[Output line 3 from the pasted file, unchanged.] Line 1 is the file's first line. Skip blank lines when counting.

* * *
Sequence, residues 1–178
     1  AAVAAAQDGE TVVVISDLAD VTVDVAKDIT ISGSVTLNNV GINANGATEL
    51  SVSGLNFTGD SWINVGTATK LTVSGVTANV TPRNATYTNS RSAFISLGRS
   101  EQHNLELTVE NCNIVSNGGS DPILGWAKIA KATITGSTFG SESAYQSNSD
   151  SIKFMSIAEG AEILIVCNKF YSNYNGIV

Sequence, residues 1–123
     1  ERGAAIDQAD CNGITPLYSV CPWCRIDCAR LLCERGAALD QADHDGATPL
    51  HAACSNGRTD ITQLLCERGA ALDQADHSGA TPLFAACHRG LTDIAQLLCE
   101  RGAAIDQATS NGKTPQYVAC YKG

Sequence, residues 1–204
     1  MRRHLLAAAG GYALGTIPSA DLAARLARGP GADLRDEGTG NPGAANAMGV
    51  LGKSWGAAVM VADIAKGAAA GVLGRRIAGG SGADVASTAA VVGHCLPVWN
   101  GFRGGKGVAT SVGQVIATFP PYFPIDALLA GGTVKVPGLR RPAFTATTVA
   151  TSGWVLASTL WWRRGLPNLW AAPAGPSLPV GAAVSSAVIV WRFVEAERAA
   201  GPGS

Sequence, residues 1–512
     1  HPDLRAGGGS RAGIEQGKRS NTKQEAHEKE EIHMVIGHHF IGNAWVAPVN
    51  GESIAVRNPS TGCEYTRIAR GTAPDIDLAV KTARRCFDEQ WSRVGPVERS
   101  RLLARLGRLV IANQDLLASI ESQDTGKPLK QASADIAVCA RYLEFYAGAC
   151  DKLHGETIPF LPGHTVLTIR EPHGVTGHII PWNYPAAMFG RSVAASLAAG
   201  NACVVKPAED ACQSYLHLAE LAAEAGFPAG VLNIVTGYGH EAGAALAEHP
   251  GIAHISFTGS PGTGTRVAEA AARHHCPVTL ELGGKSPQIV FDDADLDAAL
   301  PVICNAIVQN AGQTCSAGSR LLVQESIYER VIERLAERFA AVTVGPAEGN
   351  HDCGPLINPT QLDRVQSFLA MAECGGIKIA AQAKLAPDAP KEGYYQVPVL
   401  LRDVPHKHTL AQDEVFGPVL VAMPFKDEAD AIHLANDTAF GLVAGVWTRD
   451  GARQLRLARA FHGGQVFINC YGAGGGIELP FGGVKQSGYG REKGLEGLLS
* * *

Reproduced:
    51  SVSGLNFTGD SWINVGTATK LTVSGVTANV TPRNATYTNS RSAFISLGRS